When I woke the next morning contractions had slowed down 15- 30 minutes apart and sometimes not at all, but I still sent a text message to my team mate, a German midwife/OBGYN named Sonja, who agreed to be with me to assist the doctor’s delivery, letting her know how I was doing. I tried to rest as much as I could throughout the morning. I was still uncertain if these were real labor contractions or the Braxton Hicks I had been feeling for weeks. Finally at about 2 p.m. it became clear I could no longer lay down and rest through the contractions. I texted Sonja who came right over to check the heartbeat and see if I was dilated.

Her report was that my cervix was still very high, not even dilated and it was unlikely anything would happen in the next couple of hours. She asked me if I wanted to rest or go out with Joshua, leaving the kids at home in her care. I felt so defeated and tired. I couldn’t believe nothing had progressed. Thankfully, Joshua looked at me with a smile and said, “Yes, let’s go on a date!” I responded with, “Okay. I guess it’s likely to be our last without a baby for a while!”

So we left the kids at about 2:30 p.m., and went to a restaurant close by with a beautiful garden and fresh juices. I ordered a sprite and water, Joshua ordered a juice and coffee. We talked about life, work, family, friends, and all the while my contractions though strong remained inconsistent. 3 minutes in between, 10 minutes in between, 5 minutes in between. They were 30 seconds long, 1 min 30 seconds long, 2 minutes long, 1 minute long. Nothing that doctors would deem worthy of rushing to the hospital. There was no consistency except that they all felt very uncomfortable to me. At about 4:30 p.m. we talked about whether we should go to the hospital or go back home. I just couldn’t decide. I felt like going to the hospital, but I certainly didn’t want to labor there long. Joshua reminded me Sonja had said I wasn’t even dilated.

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So we decided to go home, talk with Sonja, check on the kids, and plan on eating dinner before heading to the hospital. When we walked in our compound at 5:00 p.m. I noticed my contractions were getting stronger, but I still could breathe through them without anyone noticing I was in pain. Sonja offered to pray with me. I couldn’t even walk up the stairs to pray, so we prayed outside. She told me, “I think you want to rest Melissa, but God has a mountain for you to climb. He wants you to know, soon you will rest. For now it’s time to climb the mountain and depend on his strength.” We prayed. Little did we know that mountain would be climbed in less than an hour.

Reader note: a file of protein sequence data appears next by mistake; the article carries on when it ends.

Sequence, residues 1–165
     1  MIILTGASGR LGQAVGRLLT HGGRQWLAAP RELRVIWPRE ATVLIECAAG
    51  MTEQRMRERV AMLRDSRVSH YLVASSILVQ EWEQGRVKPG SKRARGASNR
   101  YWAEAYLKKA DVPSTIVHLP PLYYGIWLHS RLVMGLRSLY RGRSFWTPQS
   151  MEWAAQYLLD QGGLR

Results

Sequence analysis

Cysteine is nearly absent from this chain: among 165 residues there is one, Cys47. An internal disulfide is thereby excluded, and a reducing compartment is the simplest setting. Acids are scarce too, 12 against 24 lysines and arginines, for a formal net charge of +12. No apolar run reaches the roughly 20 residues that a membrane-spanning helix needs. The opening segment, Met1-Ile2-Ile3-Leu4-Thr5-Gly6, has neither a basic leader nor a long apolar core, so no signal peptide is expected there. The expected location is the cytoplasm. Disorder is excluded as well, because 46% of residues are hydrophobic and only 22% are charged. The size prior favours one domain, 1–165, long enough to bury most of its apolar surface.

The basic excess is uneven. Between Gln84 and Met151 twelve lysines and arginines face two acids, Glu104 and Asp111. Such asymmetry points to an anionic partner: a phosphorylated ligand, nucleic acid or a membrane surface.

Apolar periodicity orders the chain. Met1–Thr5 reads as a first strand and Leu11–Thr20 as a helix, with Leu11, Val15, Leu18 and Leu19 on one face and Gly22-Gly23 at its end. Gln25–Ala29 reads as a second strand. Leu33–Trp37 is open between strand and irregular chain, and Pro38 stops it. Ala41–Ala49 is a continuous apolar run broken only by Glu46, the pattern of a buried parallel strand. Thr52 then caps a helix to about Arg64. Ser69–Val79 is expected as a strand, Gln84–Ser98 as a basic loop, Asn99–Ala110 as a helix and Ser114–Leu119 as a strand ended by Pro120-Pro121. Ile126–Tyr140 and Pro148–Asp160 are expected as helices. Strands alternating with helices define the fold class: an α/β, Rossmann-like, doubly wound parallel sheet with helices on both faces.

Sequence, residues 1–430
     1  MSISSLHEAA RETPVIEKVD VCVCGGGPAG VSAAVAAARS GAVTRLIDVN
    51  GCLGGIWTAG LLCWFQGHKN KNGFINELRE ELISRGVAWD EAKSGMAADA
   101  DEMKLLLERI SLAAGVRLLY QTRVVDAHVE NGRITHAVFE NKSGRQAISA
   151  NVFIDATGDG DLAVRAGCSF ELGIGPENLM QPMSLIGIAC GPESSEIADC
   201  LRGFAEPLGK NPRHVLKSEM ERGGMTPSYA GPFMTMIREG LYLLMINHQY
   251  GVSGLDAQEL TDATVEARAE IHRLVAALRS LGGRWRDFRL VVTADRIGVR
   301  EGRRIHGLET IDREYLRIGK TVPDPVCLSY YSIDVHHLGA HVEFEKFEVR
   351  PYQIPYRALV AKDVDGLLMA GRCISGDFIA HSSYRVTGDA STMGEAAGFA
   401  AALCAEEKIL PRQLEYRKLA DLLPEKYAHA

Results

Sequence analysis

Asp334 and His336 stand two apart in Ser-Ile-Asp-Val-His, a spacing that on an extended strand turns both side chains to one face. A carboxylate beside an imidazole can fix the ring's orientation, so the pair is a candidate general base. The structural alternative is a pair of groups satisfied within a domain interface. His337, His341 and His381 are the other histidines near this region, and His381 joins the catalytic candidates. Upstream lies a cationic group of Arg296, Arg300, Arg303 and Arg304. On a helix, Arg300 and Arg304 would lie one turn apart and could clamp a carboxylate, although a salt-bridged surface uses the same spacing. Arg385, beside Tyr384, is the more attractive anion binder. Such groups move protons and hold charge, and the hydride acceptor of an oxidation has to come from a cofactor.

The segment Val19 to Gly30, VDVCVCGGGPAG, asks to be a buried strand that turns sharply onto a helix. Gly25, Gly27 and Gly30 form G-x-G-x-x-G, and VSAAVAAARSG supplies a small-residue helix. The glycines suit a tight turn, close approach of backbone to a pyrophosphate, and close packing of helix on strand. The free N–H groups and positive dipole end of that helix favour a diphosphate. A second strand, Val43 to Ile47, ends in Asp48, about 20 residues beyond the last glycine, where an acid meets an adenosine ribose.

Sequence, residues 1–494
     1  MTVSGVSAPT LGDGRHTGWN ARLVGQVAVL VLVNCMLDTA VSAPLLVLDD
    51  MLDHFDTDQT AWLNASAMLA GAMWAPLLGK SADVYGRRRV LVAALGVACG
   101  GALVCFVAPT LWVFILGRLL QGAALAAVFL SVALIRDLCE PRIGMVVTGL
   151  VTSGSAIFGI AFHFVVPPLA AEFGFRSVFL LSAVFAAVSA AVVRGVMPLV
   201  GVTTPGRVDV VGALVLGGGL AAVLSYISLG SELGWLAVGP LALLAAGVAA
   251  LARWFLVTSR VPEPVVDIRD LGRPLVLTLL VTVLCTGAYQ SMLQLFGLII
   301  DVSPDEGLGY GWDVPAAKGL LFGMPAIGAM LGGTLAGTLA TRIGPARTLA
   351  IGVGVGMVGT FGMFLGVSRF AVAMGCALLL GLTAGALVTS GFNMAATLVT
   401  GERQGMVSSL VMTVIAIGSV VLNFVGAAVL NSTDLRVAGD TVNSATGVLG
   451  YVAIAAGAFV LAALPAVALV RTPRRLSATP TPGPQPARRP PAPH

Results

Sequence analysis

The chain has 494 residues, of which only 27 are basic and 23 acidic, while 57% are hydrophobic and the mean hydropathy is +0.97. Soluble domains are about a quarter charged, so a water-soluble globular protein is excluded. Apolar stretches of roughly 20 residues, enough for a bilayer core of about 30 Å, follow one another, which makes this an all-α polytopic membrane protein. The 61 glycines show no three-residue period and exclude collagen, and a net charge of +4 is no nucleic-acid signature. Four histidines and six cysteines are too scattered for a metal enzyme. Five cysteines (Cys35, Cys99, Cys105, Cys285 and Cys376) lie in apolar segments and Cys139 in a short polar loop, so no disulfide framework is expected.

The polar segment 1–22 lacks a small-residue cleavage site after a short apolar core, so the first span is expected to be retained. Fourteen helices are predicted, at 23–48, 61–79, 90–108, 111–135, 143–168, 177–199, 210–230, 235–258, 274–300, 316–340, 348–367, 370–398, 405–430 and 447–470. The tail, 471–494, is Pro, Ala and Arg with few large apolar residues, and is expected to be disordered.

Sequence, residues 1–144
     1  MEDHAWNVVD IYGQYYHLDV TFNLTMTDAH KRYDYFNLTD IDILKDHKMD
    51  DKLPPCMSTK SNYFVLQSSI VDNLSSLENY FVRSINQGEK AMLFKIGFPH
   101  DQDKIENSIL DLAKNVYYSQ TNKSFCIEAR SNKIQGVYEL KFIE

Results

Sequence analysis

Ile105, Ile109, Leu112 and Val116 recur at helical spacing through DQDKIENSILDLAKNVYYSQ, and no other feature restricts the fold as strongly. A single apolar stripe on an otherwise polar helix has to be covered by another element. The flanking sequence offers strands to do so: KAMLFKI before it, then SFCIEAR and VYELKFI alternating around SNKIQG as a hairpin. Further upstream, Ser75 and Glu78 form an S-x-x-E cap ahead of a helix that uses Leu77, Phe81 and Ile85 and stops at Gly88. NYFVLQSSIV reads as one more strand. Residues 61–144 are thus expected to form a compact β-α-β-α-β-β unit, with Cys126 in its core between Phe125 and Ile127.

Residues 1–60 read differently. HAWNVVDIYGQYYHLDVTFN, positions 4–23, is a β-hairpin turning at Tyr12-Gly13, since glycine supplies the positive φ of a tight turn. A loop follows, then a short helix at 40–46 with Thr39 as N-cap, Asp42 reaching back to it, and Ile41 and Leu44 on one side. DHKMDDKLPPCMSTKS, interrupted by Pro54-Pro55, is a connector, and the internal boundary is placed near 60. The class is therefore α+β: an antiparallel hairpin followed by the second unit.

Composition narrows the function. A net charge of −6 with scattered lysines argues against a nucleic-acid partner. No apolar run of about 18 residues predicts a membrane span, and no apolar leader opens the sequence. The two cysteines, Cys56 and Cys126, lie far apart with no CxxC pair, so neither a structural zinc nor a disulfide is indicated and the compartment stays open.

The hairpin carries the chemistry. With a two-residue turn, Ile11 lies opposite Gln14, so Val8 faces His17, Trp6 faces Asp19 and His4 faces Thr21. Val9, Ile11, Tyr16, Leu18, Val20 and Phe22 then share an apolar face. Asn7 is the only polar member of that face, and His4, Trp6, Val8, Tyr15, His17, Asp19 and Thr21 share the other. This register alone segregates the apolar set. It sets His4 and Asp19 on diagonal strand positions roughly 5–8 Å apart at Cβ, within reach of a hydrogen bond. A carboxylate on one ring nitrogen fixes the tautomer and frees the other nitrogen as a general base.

After praying, I felt another really strong contraction and told both Joshua and Sonja we need to go to the hospital. Still no one thought she would come quickly. By 5:30 p.m., our friend Karen had arrived to watch the kids. Joshua asked our guard Miki to come along to pick up chicken sandwiches at a hotel to take back to the kids along the way.

As soon as the four of us got inside our bus, I had the urge to push. I looked at Sonja and said, “You are going to have to delivery this baby here.” She assured me we could make it to the hospital. So we drove about 10 feet, and another urge to push came over me. I knew that the bumpy roads were going to make it worse. I thought there is no way I can make it through a bumpy 15 minute journey to the hospital, up the stairs into the labor and delivery room. So she agreed to let us go back to the house. As Joshua backed up I changed my mind again, knowing the kids couldn’t see me deliver a baby. That could scar them. And, the laws in Ethiopia make it very difficult for a foreigner to obtain a birth certificate without proof that you delivered in a hospital. I had to make it to the hospital. Sonja likewise thought it’s best to go to the hospital.

We rounded the corner, going over bumps that felt like they were pushing the baby out of me. As soon as we turned the corner my water broke. Sonja asked Joshua to stop the car. She hopped into the front seat next to me and said, “We are going to make it to the hospital.” She checked me to see if I was dilated and where her head was. It had only been minutes since we left our compound, but I was certain I couldn’t make it to the hospital. Sure enough I was dilated. Sonja knew though, with a few strong pushes this baby would come. So she yelled at Joshua, “We are going to the hospital. GO! Melissa you can do this! We will make it to the hospital!!”